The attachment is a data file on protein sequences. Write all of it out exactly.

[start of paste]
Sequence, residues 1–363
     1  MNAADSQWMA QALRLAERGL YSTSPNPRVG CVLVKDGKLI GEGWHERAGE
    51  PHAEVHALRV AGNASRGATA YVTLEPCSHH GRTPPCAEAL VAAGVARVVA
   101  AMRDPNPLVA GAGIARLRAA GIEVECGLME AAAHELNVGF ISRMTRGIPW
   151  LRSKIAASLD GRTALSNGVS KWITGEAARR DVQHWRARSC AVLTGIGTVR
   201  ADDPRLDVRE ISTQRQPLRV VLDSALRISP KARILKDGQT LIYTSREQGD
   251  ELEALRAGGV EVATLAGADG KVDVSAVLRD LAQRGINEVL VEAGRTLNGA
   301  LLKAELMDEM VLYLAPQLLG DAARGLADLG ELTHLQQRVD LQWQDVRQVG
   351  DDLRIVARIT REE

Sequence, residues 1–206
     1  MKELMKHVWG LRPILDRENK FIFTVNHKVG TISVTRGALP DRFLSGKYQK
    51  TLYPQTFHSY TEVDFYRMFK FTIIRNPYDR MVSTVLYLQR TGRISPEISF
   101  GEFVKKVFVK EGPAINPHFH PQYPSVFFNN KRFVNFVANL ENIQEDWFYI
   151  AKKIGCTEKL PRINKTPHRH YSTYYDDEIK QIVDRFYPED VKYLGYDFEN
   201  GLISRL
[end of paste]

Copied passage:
Sequence, residues 1–363
     1  MNAADSQWMA QALRLAERGL YSTSPNPRVG CVLVKDGKLI GEGWHERAGE
    51  PHAEVHALRV AGNASRGATA YVTLEPCSHH GRTPPCAEAL VAAGVARVVA
   101  AMRDPNPLVA GAGIARLRAA GIEVECGLME AAAHELNVGF ISRMTRGIPW
   151  LRSKIAASLD GRTALSNGVS KWITGEAARR DVQHWRARSC AVLTGIGTVR
   201  ADDPRLDVRE ISTQRQPLRV VLDSALRISP KARILKDGQT LIYTSREQGD
   251  ELEALRAGGV EVATLAGADG KVDVSAVLRD LAQRGINEVL VEAGRTLNGA
   301  LLKAELMDEM VLYLAPQLLG DAARGLADLG ELTHLQQRVD LQWQDVRQVG
   351  DDLRIVARIT REE

Sequence, residues 1–206
     1  MKELMKHVWG LRPILDRENK FIFTVNHKVG TISVTRGALP DRFLSGKYQK
    51  TLYPQTFHSY TEVDFYRMFK FTIIRNPYDR MVSTVLYLQR TGRISPEISF
   101  GEFVKKVFVK EGPAINPHFH PQYPSVFFNN KRFVNFVANL ENIQEDWFYI
   151  AKKIGCTEKL PRINKTPHRH YSTYYDDEIK QIVDRFYPED VKYLGYDFEN
   201  GLISRL